This enhanced photo helps illustrate what riders experience on Rage of the Gargoyles at Dare Devil Dive, a roller coaster with an added virtual reality element, at Fright Fest at Six Flags Over Georgia. CONTRIBUTED BY SIX FLAGS OVER GEORGIA

Six Flags’ virtual reality coaster unleashes gargoyles for Fright Fest

Name three frightening things you wouldn’t want to see just before boarding a roller coaster. How about an all-you-can-eat chili dog bar … neck braces in the gift shop? A hearse would definitely haunt the top of my list.

Just after noticing the near-vertical, 95-foot hill belonging to Dare Devil Dive, one of Six Flags Over Georgia’s popular thrill rides, I see something parked in front of the coaster’s queue. Ouch, it’s a hearse.

It’s just a prop becomes my pre-ride mantra. In fact, the entire park has a layer of boo-laden bling for Fright Fest, Six Flags’ annual PG-13, Halloween-themed celebration. Copious decor, including decomposing skeletons flanked by vultures, and eerily dressed actors — Yikes! Creepy clown sighting! — cover the park. But Dare Devil Dive may win the costume contest.

The makers of Fright Fest give Dare Devil Dive a high-tech overlay for the occasion. As if the coaster weren’t scary enough — with 90-degree drops and corkscrew twists along 2,100 feet of track — guests can opt for a virtual reality element. Dubbing the experience Rage of the Gargoyles at Dare Devil Dive, Six Flags invites riders to slip on headsets for one of the world’s first fully interactive virtual reality roller coasters.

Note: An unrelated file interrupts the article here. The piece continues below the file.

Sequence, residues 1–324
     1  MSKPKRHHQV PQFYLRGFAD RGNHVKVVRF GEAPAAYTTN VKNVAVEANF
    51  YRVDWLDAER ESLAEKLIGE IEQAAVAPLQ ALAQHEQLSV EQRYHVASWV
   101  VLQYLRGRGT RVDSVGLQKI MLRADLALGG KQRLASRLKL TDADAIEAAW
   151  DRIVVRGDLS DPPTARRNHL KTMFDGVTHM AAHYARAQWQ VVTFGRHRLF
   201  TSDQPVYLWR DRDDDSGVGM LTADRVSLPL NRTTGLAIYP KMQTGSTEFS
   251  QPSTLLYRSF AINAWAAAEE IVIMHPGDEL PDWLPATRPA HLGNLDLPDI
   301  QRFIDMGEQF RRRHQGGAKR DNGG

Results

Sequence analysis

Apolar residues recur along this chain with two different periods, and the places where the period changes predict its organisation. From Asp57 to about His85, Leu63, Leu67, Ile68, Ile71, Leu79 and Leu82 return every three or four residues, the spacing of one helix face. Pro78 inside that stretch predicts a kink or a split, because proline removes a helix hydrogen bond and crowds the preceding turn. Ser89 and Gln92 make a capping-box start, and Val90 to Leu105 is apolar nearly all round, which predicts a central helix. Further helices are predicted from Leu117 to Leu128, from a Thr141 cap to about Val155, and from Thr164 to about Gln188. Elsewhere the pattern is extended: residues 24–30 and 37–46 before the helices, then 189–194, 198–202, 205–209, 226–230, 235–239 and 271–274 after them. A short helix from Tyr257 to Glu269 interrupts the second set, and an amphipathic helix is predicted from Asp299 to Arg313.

This isn’t the first time Six Flags has given Dare Devil Dive digital embellishment. Beginning last spring, visitors could wear the same headsets and ride the coaster while immersing into a computerized virtual reality world of soaring jets amid an alien attack.

Rage of the Gargoyles, however, proves to be more in step with the season of the witch. Sliding in the coaster car, I receive a headset from the attendant. Imagine a scuba mask with blacked-out glass. Moments after I put it on, an array of straps keeping it cozily in place on my noggin, a screen comes to life in front of my eyes. Here come the creatures.

The coaster itself begins moving and so does the computer animation. I find myself with the POV of a helicopter pilot flying through a demolished cityscape overrun with gargoyles. The real-time movement of the coaster, including speeds of 50 mph and those gut-scrambling drops, syncs perfectly with the flight of my personal chopper and the over-the-top, monstrous action around me. It soon becomes clear, Rage of the Gargoyles physically drops me in the middle of a video game like never before.

A 360-degree view in high resolution provides a serious suspension of disbelief. Buildings go ablaze and crumble all around me, and flocks of gargoyles swarm from above, some even landing on my helicopter.

Oh, for the love of Tron, a bridge is out!

Tapping the side of my headset, I’m able to fire missiles at the monsters, racking up points with each hit. Blood splatters and creatures wail.

My own scream rivals that of the gargoyles. I’m not sure if it’s the coaster’s real-life corkscrew twist, the sight of a Godzilla-size gargoyle or a combination of both that causes the reaction.

Catching my breath as the coaster returns to the loading area, my final score pops up in front of my peepers. The headset now off, I see the attendant and those standing at the loading area laughing at my frazzled state.

“We could hear you scream,” someone says.

“Me?” I reply jokingly. “That was the other guy.”

Exiting the ride, I gain my composure before finding myself back in front of that same hearse. Thankfully I don’t need it, but I know some gargoyles that do.

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